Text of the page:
I used the Mythos STS speakers with my usual suite of electronics: a Trends Audio UD-10.1 USB converter and Oppo DV-970HD universal player used as sources for an Anthem D2 A/V processor, which acted as both a DAC and preamp feeding either two Bel Canto e.One REF1000 mono amplifiers or an Axiom A1400-8 mutlichannel amplifier. Partway through the review period, I also took delivery of Arcams FMJ A38 integrated amplifier and FMJ CD37 stereo CD/SACD player. Interconnects and speaker cables were Analysis Plus Micro Copper Oval-In and Black Oval 9 respectively with Essential Sound Products AVP-16 power cords also used. Power conditioning was performed by either a Zero Surge 1MOD15WI or Torus Power RM 10.
Loudspeaker manufacturers often claim how good their lifestyle speakers sound and how well they compare to conventional speakers. More often than not, audiophiles are disappointed by the sound of these speakers because their performance is compromised by their small enclosures, the necessarily small drivers, and the seeming devotion to form over function. Thus, you will be excused if you find it difficult to take a speaker that looks like the Mythos STS seriously. Although these speakers sounded wonderful at the demo in Las Vegas, I was also expecting to hear some obvious compromises from a speaker as slim and attractive as the Mythos STS.
Therefore, to say that I was impressed by the Mythos STS would be an understatement. It sounded utterly spectacular. It was hard to believe the quality of sound that was coming from these slim, stylish speakers. Not only was the sound exceptional for a $3000 pair of lifestyle speakers, it was exceptional for any $3000 speakers. In fact, the Mythos STS would compare favorably to many more expensive speakers. And the Mythos STS did not excel in just one or a few aspects of reproduction. It was smooth and balanced from top to bottom with no obvious shortcomings I could detect even after extended listening.
Listening to Dadawas Voices from the Sky CD (Warner 706301876824), I was struck by how dynamic the Mythos STS sounded. It could play incredibly loud without strain, and the bass was amazingly tight and articulate. And when I say bass, I mean the lowest octaves played with enough volume to shake the room. The eerie imaging of vocals on this album was beautifully reproduced, but when the lowest frequencies kicked in it was difficult to believe that such quantity and quality of bass was coming from these svelte speakers.
I have to admit that I do prefer my bass to be a little richer and fuller than that of the Mythos STS, but that type of performance is usually reserved for large and expensive dedicated subwoofers, and the bass from the Mythos STS was far more desirable than the boominess that is often associated with lesser speakers that attempt to reproduce quantity over quality. Definitive Technology isnt kidding when they say the powered woofer section of this speaker is like having a built-in SuperCube subwoofer. The Mythos STS really pounds.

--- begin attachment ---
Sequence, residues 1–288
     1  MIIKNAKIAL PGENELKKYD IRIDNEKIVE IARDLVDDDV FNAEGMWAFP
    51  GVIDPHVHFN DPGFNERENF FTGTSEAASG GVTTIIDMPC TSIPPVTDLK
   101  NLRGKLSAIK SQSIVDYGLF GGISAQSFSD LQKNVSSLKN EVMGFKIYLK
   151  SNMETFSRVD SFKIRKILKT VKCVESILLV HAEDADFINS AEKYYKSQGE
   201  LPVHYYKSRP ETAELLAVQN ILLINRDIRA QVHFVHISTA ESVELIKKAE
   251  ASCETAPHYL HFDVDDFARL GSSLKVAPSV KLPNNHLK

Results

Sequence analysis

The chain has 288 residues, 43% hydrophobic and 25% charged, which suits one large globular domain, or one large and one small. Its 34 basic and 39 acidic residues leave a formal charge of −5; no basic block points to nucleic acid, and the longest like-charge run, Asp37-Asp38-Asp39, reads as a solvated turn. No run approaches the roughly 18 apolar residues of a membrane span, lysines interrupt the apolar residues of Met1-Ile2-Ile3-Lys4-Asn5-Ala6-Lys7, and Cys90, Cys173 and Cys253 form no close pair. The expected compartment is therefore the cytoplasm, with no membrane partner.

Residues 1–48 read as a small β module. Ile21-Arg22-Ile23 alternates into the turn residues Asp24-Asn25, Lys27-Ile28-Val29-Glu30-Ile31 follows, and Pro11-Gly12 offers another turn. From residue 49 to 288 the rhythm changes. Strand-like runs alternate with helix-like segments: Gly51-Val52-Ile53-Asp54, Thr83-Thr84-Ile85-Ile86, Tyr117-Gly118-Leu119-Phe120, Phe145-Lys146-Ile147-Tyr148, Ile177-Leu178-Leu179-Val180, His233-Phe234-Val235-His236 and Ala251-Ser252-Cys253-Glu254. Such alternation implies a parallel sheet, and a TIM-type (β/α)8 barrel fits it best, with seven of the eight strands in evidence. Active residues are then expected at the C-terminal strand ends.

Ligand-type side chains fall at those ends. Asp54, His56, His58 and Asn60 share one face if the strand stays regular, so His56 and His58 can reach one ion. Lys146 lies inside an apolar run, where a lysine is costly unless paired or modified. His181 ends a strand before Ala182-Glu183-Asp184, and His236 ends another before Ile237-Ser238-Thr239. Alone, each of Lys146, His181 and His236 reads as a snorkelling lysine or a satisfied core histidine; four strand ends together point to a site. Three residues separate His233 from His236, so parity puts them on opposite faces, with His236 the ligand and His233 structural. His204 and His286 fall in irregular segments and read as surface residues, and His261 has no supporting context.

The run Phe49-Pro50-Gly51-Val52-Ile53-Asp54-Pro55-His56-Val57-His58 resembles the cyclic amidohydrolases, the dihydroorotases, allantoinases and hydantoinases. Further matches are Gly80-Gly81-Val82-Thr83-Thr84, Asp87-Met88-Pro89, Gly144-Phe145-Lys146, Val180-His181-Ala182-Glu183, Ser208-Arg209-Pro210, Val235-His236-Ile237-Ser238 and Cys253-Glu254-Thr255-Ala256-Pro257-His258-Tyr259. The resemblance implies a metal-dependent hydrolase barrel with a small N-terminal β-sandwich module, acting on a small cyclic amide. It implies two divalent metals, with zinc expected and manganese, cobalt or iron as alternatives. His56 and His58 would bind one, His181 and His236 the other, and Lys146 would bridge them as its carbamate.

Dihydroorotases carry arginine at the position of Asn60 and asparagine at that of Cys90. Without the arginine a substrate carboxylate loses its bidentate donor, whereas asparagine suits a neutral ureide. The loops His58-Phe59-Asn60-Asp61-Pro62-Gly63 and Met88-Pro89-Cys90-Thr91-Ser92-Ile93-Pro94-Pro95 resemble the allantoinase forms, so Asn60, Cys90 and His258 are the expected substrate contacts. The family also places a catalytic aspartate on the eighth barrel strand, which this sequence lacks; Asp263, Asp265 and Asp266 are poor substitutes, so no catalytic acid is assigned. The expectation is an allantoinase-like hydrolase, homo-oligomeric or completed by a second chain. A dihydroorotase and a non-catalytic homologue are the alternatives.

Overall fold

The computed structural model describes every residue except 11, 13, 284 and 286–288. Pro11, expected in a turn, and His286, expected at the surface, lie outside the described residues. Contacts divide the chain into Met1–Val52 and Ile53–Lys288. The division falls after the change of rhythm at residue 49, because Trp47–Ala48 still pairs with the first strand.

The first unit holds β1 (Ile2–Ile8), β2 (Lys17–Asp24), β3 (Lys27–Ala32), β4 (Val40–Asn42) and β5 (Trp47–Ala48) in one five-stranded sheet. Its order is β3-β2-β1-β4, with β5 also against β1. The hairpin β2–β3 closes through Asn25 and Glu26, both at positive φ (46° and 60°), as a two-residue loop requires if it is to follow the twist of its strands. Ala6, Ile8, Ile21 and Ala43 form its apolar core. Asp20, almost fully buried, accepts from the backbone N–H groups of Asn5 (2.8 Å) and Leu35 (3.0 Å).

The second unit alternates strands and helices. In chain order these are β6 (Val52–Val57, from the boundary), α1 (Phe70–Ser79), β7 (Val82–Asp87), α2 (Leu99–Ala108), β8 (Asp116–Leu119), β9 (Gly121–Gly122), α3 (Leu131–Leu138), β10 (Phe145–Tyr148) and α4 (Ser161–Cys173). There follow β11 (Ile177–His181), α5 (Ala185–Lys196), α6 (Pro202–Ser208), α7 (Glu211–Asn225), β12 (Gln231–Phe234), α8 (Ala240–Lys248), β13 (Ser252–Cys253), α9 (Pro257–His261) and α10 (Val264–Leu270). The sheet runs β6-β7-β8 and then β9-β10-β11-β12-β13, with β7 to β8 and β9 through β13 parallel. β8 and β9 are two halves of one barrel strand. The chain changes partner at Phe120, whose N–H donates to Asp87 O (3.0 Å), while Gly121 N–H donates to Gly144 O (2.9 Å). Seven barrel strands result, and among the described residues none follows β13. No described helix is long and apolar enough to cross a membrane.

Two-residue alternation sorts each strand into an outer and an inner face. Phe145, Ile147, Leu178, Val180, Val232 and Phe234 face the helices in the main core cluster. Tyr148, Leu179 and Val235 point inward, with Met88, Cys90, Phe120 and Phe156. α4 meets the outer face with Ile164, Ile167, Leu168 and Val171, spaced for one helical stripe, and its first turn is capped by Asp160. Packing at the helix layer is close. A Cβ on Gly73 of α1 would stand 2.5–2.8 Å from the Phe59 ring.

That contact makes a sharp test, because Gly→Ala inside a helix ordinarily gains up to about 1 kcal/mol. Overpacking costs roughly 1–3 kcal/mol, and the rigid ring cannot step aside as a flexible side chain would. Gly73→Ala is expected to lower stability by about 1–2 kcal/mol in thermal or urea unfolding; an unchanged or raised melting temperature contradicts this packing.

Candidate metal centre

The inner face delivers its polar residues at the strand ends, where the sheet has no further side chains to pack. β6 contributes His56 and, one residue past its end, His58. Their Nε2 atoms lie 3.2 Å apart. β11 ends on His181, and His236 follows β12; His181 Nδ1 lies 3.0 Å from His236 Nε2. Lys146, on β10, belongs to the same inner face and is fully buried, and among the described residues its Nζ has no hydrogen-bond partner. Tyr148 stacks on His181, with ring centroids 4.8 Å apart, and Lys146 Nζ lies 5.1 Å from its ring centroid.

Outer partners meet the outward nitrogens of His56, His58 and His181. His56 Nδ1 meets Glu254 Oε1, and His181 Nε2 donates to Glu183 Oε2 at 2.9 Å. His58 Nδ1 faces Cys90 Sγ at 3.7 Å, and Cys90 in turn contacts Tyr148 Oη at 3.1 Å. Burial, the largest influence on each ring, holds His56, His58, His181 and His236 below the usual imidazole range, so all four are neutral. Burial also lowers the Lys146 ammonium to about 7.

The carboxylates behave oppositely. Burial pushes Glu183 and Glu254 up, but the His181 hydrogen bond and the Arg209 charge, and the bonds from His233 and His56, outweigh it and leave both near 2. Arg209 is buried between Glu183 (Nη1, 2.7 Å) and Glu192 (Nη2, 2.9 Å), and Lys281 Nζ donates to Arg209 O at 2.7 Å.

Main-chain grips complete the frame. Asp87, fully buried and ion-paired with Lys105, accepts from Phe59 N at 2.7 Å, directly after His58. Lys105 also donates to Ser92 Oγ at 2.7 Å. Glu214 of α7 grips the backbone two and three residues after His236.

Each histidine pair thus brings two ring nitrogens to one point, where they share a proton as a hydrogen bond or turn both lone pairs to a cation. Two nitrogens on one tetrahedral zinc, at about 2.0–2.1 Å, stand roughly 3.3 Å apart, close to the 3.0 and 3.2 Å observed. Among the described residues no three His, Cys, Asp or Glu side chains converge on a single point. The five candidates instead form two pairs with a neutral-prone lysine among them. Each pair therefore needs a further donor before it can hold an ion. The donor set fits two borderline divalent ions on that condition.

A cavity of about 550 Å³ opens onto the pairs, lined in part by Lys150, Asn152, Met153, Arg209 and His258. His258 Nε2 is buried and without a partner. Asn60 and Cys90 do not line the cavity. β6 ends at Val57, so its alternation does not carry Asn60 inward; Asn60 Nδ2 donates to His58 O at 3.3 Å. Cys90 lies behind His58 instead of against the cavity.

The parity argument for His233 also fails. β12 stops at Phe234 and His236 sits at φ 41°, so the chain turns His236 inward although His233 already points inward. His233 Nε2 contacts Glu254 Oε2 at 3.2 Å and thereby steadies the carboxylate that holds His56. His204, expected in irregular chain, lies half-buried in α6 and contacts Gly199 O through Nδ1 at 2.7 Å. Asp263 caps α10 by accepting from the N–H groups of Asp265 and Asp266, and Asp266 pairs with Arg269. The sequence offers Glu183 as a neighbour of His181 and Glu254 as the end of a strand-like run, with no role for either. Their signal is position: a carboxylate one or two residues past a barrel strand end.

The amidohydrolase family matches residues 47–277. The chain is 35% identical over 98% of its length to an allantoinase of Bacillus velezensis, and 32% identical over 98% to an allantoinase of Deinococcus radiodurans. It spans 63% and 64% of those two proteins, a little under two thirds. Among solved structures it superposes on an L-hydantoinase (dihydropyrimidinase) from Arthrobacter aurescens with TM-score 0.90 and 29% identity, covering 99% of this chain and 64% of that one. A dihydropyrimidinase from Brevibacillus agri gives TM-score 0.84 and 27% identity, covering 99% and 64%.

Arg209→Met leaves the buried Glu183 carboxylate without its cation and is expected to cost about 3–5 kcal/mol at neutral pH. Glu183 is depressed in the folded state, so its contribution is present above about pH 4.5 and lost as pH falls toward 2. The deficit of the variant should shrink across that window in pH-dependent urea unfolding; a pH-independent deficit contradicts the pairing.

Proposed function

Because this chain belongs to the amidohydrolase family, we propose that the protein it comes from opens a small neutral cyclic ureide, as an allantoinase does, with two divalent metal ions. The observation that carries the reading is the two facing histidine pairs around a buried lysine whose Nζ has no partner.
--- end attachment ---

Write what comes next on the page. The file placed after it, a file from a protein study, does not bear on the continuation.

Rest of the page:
But this speaker isnt just about bass power and high volumes; the midrange was smoother and cleaner than I would have ever expected from such a reasonably priced product. Diana Kralls Girl in the Other Room SACD (Verve 602298620465) sounds great, but with the Mythos STS the recording really shone. The percussion on "Temptation" was startlingly realistic and the imaging was razor sharp. Everything in the soundstage was placed exactly where I thought it should be and with absolute precision. I often describe good vocals as sounding "palpable and real." With the Mythos STS it was almost as if Krall were standing between the speakers in my listening room, such was the stunning level of immediacy in my system.
Peter Gabriels Up SACD (Geffen 60949353629) is a difficult recording to reproduce and can sound murky and homogenous on less accomplished speaker systems. With the Mythos STS, every tiny nuance of the recording was audible. The atmospheric and brooding melody of "I Grieve" sounded superbly atmospheric and brooding. The gentle percussion was clearly reproduced and differentiated from the rolling violin and synthesizer riffs. Again, the vocals had an immediacy that was astonishing. "The Barry Williams Show" is a particularly demanding track, but the Mythos STS handled it with ease. The pinpoint imaging provided an almost three-dimensional quality, and simultaneous lead, harmony and background vocals were easily distinguishable. Even more impressive was the speaker's handling of the delicately undulating bass line that can often sound blurred and monotone with less capable speakers.